Indigenous plants of a local provenance will generally do well in suburban gardens, providing they receive conditions similar to that in which they have adapted to naturally over many thousands of years without our assistance!. One of the secrets of successful indigenous gardening is to ensure good preparation of the area we want to plant, some thought in the choice of plant we use, and a little care and maintenance during and after establishment.


Plant Selection

The easiest way to find out what plants occur naturally in your particular area is to contact the environment, conservation or land management department of your local council and ask for a list of indigenous plants to suit the conditions on your property. Council may also be able to direct you to local suppliers of indigenous plants, or refer you to organisations that may assist you further. In many regions, voluntary community nurseries or commercial indigenous plant growers are very helpful when it comes to advising on choice of plant for a particular situation.


"It is frustrating when a favourite wildflower grows seemingly without effort in the bush, and yet they keep dying on you in your well-tended garden."

A visit to your local bushland reserves during spring will give you an idea of what plants grow in local conditions (how big the plant grows, when it flowers, what colours, shapes and habits each plant has, and more. A common problem encountered with using local, native plants in suburban gardens is knowing what conditions they prefer. It is frustrating when a favourite wildflower grows seemingly without effort in the bush, and yet they keep dying on you in your well-tended garden. Quite often, it is simply a matter of the right plant in the wrong place. Some plants are very particular about things like drainage, amount of sun or exposure, watering or even the presence (or absence) of certain microorganisms in the soil. Some plants have a symbiotic relationship with another plant and cannot survive on its own, such as the native cherry (Exocarpus spp). In this situation, it is most helpful to speak with someone who either grows or landscapes with these plants. There are also many excellent reference books available now, which quite often indicate what local birds, insects and mammals are attracted to the plants in your area. Other useful contacts and ideas are listed below.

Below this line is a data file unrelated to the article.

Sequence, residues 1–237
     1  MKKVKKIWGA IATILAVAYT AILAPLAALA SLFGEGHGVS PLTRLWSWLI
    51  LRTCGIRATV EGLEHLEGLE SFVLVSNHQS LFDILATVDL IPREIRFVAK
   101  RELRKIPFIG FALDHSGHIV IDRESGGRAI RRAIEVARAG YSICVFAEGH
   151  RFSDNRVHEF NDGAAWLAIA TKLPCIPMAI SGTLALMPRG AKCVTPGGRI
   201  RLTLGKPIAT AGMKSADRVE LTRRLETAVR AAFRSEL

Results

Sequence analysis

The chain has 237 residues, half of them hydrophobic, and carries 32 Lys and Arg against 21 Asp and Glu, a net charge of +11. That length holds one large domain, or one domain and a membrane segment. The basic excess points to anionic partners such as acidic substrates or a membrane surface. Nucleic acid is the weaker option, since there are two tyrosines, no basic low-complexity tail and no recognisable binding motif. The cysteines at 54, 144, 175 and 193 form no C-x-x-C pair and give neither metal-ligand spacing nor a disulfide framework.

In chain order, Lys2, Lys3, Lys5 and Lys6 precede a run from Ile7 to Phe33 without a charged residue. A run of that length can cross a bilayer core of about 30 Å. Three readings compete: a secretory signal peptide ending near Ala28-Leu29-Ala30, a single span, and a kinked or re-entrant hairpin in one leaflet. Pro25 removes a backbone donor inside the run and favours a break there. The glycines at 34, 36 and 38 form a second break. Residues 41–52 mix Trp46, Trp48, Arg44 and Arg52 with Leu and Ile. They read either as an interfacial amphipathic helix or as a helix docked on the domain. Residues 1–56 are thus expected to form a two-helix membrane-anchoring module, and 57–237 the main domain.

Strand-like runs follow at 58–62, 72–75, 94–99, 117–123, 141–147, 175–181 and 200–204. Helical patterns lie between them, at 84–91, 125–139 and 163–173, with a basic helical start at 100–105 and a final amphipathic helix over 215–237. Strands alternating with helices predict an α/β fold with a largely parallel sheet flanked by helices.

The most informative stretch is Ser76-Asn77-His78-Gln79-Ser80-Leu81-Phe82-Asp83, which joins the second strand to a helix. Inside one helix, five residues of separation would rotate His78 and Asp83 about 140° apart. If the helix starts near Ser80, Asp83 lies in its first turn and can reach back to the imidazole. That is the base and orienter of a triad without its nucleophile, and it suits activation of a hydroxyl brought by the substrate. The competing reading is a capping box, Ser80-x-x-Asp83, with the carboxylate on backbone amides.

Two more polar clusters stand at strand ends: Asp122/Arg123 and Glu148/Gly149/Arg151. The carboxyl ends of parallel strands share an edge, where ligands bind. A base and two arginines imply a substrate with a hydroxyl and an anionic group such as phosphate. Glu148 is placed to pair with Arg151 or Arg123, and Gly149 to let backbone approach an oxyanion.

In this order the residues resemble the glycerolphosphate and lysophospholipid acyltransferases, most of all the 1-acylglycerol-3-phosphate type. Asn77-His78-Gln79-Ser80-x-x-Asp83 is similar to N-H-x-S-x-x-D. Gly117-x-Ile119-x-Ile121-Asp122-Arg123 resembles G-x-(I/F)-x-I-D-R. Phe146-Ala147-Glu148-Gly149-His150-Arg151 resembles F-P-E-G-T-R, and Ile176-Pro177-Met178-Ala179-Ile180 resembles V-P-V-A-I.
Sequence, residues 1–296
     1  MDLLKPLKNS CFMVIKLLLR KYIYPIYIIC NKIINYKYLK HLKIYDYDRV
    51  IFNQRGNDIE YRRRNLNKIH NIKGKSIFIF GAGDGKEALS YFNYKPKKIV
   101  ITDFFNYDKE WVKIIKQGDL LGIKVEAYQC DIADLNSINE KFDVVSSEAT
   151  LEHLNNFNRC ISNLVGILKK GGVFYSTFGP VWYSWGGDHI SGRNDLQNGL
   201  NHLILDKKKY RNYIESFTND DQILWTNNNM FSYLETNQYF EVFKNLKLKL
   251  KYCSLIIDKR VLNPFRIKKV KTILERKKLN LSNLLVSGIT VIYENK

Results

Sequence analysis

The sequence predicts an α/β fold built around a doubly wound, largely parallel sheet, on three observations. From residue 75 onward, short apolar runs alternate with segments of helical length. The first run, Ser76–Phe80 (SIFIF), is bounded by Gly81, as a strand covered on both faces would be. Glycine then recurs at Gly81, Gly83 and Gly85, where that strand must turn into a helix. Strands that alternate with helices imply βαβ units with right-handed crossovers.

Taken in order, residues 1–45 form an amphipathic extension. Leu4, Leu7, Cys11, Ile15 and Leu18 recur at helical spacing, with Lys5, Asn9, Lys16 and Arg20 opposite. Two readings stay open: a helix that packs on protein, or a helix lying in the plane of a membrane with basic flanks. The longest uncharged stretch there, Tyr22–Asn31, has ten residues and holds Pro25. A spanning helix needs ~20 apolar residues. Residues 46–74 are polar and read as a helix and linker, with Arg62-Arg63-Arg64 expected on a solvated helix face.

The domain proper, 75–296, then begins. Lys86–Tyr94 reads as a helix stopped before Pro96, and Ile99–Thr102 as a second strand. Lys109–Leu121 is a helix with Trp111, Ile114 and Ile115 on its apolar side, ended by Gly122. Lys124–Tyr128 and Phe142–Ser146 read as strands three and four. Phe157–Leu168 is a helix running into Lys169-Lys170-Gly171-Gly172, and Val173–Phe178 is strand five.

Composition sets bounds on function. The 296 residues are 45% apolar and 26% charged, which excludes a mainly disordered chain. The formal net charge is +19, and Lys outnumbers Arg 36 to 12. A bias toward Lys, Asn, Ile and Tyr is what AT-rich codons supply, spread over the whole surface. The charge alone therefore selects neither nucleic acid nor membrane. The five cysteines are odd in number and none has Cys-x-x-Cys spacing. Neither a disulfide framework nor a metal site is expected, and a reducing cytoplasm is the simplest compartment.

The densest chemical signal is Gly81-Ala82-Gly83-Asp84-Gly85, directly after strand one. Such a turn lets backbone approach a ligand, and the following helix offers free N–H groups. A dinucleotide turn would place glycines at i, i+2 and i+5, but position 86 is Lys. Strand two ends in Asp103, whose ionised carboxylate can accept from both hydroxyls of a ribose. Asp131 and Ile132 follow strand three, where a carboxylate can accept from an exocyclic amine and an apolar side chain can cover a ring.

Habitat for Wildlife

Something often overlooked when designing a garden to support local fauna, is the provision of plants to encourage insects, frogs and lizards as well as the butterflies and birds. Microclimate, shade and shelter are other important factors to consider. Common statements from clients at our nursery are, "We don't want flies and mosquitoes - that's why we don't have a pond!" or "Why haven't you got any bottlebrushes? I want lots of birds in my garden!"

   Bluetongue Lizard
   A strategically placed water bowl can bring unexpected visitors!

It's easy to overlook the fact that mosquito larvae in your pond will provide culinary delights for frogs, lizards and birds, as long as the plants around the pond provide the right conditions for these creatures to make their home in (or want to visit) your backyard. Recreating natural ecosystems ensures you get the right mix of insects and predators - just like in the bush. A well placed Golden Spray, Viminaria juncea, at the water's edge will ensure many hours of pleasure as your family watches the Eastern Rosellas perched on the slender branches, feeding upon numerous seeds in the early summer months. It's simply a matter of getting to know your local plants and the living communities they support. Mosquitoes are more likely to be a problem in places where stagnant water pools in cleared areas of poor drainage, not in a well designed bog garden or pond with a healthy ecosystem.